Commonly referred to as Vitamin C, ascorbic acid is water-soluble and a strong antioxidant. It helps fight against colds, and it can lower oxidative stress if the body is having trouble handling free radicals, creating imbalances between antioxidants and radicals.
A required co-factor increasing neurotransmitter production, important for maintaining healthy connective tissues to support organs. Additionally, ascorbic acid is essential to collagen protein production, which enables stable bone and tissue formation. Scurvy could develop from a severe vitamin C deficiency in those that do not eat fruits or vegetables, resulting in many skin issues and bleeding under the skin. However, too much vitamin C can cause symptoms too, including vomiting, diarrhea, heartburn, nausea, abdominal pain, and others. Those with prolonged periods of consuming ascorbic acid may develop higher iron levels.
Ascorbic acid is stored in specific parts of the body in a higher concentration than in the blood. For instance, the retinal and adrenal glands store concentrated amounts of acid up to 10% more than that in the blood. Additional areas include the salivary gland, brain, liver, and lungs. The excess ascorbic acid contained in the body is naturally removed through the urine.
What Can Cause Ascorbic Acid Deficiency?
There are several ways that a person can get ascorbic acid deficiency. Selective eating is one of the more common by not eating vegetables and fruits. Foods that contain needed nutrients include citrus fruits, peppers, cabbage, cauliflower, spinach, bananas, strawberries, cherries, potatoes, tomatoes, and more. Also, anxiety and depression symptoms can increase vitamin deficiency.
How Supplements Can Help Ascorbic Acid Deficiency?
The production of cells and antibodies within the immune system is increased by ascorbic acid, including lymphocytes and macrophages. Additionally, ascorbic acid has a part in neurotransmitter production, including dopamine and norepinephrine, which are elements responsible for attention, focus, and concentration. It helps with serotonin creation too, a neurotransmitter that is responsible for sleep, relaxation, and positive moods.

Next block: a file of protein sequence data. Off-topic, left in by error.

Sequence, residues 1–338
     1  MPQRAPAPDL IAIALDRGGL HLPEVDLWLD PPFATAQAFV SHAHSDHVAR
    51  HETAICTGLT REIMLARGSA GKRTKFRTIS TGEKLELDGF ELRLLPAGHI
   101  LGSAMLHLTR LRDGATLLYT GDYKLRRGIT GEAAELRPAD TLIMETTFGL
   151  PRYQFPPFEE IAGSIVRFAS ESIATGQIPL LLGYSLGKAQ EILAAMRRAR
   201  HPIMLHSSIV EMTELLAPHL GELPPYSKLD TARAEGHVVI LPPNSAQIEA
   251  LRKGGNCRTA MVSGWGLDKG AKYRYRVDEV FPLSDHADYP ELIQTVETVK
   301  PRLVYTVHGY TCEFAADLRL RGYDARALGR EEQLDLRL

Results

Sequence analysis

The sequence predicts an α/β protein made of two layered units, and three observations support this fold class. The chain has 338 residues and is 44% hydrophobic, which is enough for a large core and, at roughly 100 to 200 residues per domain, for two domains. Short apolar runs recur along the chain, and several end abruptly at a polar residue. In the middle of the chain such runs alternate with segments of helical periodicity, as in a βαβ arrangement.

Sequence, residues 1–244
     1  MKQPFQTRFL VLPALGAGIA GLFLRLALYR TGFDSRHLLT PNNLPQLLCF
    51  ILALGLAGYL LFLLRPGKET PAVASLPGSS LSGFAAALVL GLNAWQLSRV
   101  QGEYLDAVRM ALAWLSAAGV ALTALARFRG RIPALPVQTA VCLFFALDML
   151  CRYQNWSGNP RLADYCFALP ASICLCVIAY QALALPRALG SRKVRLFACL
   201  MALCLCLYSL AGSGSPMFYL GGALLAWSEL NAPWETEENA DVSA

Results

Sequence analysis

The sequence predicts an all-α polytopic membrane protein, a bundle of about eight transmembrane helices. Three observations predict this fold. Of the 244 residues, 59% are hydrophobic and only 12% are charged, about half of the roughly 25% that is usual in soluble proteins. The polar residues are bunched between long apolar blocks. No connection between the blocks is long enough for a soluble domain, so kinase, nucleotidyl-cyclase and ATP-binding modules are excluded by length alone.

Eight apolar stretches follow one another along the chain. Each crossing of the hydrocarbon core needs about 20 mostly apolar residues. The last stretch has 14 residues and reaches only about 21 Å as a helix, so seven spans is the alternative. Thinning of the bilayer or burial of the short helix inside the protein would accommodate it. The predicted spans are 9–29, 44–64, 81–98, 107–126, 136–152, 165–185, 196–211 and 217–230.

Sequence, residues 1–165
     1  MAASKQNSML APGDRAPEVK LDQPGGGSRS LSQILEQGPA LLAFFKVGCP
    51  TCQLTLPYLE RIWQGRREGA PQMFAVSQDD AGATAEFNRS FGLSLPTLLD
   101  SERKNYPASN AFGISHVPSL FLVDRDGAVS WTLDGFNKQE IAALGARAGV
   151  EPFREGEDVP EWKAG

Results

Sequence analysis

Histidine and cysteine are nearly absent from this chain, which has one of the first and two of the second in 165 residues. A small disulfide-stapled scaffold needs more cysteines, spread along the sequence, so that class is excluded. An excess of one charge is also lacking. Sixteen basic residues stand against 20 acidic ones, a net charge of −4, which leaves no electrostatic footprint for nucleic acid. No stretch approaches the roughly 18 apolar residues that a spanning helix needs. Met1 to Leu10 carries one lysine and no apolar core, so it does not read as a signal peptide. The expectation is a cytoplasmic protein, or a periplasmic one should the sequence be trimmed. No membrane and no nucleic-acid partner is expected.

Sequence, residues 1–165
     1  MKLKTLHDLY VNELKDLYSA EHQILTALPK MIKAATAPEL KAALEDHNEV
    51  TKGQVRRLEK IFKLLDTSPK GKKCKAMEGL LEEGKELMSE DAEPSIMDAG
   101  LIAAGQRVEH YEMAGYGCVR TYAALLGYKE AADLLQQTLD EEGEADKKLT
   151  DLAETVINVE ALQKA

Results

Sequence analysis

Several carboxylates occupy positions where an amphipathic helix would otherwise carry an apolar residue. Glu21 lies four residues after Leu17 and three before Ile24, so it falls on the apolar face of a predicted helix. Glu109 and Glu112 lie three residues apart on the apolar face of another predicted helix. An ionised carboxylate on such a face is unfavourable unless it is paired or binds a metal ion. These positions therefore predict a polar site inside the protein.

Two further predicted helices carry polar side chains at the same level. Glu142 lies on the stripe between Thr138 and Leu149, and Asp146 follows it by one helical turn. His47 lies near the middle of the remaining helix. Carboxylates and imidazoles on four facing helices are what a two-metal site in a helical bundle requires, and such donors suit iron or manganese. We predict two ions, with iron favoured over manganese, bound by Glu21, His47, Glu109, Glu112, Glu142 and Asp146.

Ascorbic acid assists with metabolizing amino acids tryptophan and tyrosine. It lowers CRP values, which measure inflammation while increasing iron absorption. Inflammatory mediator production of leukotrienes is regulated by ascorbic acid, helping lower allergies through antihistamine activity.
Nutritional Sources Of Ascorbic Acid
Fruits and vegetables can be consumed to increase vitamin C levels, including spinach, cauliflower, peppers, citrus fruits, strawberries, bananas, potatoes, tomatoes, cherries, and more.
Eating citrus fruits is a better option than squeezing and drinking the juice alone. There is much more vitamin C in the fruit itself than the liquid. Eating it is also more helpful because Vitamin C oxidizes on exposure to oxygen, baking, cooking, freezing, or thawing.
Although, dietary supplements can contain ascorbic acid, but should only be used if there is a deficiency present. Once checked, supplements may be consumed daily.
How Are Ascorbic Acid Levels Measured?
A urine test is done to detect ascorbic acid levels and determine excess or deficiency. Ask your doctor about testing for organic acids and your vitamin C levels if you have any of the symptoms mentioned above.
The information in this article is intended for personal knowledge and educational purposes only. It is not a replacement for medical advice, treatment recommendations by a doctor, therapist, or pharmacy. In no way does it constitute individual treatment.